Age is the main factor of increased susceptibility to fibrosis [23]. The models currently reported, such as FIB-4 [24], HB-F [25], and King's score [26], all include age as a variable and a number of studies have shown that liver fibrosis is positively correlated with age [27–29]. Our study also confirmed that age is an independent risk factor for the development of significant liver fibrosis in patients with AIH. Some studies have found that [30] the age distribution of the onset of AIH is a double-peak distribution, and the two peaks are located around puberty and 40–60 years old. In this study, 74.6% of the patients with AIH were between 40 and 60 years old, which was consistent with the above conclusion. The reason for the bimodal distribution of age may be that when women enter puberty and menopause, a significant change in estrogen levels will lead to the occurrence of autoimmune diseases [31,32].

In this study, A/G is a protective factor for significant liver fibrosis in AIH patients. It has been reported in the literature that A/G levels may decrease with the progression of liver fibrosis [33,34]. The elevation of IgG and/or γ-globulins is one of the characteristic serological changes of AIH [35]. With the development of liver fibrosis, the liver synthesis function of patients with liver cancer is damaged; therefore, the synthesis of ALB is reduced, the production of GLO is increased, and the A/G ratio is gradually reduced. The A/G ratio is a good indicator for observing the progression of chronic liver disease [36–39]. Currently, there is no cohort study on AIH to verify the relationship between A/G and liver fibrosis. However, studies on viral liver and nonalcoholic fatty liver have shown that A/G levels are negatively related to the degree of liver fibrosis in patients with chronic hepatitis B and nonalcoholic fatty liver [25,33,34]. For example, Sripongpun et al. [34] reported a new fibrosis-8 score (FIB-8) model. In their model, A/G levels were a protective factor for significant liver fibrosis in patients with nonalcoholic fatty liver disease.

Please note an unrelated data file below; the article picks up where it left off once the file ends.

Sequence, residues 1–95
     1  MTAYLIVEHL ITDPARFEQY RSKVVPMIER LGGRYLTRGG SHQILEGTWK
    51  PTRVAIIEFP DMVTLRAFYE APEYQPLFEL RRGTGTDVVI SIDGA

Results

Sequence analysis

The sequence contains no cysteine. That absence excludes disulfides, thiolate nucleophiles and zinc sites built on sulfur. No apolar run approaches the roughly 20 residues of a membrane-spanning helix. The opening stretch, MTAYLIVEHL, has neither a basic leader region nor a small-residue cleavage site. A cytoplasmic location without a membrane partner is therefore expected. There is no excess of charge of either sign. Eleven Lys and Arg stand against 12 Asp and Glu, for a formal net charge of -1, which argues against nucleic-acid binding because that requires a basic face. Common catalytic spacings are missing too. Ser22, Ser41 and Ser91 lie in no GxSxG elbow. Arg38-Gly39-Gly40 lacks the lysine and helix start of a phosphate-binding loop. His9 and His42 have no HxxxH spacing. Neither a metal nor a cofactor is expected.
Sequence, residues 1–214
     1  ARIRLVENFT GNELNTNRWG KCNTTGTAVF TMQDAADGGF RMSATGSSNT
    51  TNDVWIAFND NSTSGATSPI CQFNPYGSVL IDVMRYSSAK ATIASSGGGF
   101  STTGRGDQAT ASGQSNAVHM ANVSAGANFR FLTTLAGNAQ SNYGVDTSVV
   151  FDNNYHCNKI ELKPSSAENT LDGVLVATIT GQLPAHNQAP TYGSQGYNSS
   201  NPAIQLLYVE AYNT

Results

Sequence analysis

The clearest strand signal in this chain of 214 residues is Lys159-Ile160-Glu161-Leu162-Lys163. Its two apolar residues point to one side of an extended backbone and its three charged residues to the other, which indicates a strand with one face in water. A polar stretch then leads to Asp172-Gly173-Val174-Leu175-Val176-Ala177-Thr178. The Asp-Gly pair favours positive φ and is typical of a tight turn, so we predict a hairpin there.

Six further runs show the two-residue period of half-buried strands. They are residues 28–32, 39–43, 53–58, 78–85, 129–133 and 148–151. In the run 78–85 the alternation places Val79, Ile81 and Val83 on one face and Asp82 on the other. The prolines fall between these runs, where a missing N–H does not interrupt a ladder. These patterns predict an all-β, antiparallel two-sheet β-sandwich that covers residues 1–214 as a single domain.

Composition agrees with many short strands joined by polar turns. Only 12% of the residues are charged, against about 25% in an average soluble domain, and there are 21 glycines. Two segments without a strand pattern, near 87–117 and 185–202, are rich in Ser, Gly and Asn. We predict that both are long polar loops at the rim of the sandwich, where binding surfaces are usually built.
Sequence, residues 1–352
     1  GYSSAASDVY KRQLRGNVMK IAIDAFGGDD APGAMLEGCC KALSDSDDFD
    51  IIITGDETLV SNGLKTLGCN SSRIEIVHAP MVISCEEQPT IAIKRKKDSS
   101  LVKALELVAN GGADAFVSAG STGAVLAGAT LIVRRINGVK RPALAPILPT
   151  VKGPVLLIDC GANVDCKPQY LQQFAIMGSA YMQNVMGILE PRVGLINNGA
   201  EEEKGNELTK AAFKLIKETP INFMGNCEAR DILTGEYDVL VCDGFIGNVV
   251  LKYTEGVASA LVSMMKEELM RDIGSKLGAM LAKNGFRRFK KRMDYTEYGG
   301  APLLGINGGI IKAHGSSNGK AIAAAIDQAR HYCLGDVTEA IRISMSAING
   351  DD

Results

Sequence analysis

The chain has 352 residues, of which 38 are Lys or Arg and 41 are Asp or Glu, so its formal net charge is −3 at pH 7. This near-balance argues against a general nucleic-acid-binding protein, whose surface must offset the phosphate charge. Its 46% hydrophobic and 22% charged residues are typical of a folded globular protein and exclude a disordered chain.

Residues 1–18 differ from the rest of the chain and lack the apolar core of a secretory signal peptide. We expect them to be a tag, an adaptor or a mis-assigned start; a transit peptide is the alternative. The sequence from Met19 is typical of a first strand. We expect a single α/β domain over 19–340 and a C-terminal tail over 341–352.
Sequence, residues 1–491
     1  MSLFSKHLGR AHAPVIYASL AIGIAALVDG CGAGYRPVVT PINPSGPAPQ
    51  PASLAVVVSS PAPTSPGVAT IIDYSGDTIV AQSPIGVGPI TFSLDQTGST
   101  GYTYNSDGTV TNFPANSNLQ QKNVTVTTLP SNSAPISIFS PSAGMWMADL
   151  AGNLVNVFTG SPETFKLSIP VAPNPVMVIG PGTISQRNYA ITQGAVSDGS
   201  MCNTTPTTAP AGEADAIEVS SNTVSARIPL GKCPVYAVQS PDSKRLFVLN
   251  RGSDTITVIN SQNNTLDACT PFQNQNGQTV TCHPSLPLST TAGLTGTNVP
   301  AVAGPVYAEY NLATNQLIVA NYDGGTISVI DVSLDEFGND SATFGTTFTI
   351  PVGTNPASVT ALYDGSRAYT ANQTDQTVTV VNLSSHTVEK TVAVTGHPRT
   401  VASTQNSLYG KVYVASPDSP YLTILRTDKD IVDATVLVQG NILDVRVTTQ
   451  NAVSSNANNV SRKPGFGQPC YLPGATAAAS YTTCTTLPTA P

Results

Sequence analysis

PLT is also an independent risk factor for significant liver fibrosis in AIH patients. Thrombocytopenia is a common complication associated with liver cirrhosis, which is exacerbated by decreased circulating platelet count due to an enlarged spleen, increased platelet consumption, and decreased synthesis and increased degradation of thrombopoietin (TPO) [40,41]. In addition to thrombocytopenia, qualitative platelet defects may occur, which may be due to decreased TXA 2 synthesis, decreased ATP and serotonin concentrations in dense granules, increased platelet inhibitor production, and impaired response to profibrotic agents [42], ultimately leading to PLT decline. Numerous studies have shown that PLT counts in patients with AIH are inversely correlated with the degree of fibrosis [43,44], which is consistent with our current study.

In this study, we constructed a new noninvasive model for predicting significant liver fibrosis in AIH, which was named AP model. The AUROC of AP model was superior to APRI and FIB-4 in internal validation (0.872,95% CI: 0.819–0.924) and external validation (0.829,95% CI: 0.753–0.904). In the training cohort, when the cut-off value was 1.917, the sensitivity of AIH was 75.7% and the specificity was 86.0%. This method successfully predicted significant fibrosis in 240 patients (75.71%) in the training set and 40 patients (71.43%) in the validation set. It shows that the model has good practicability in the noninvasive diagnosis of significant liver fibrosis in AIH.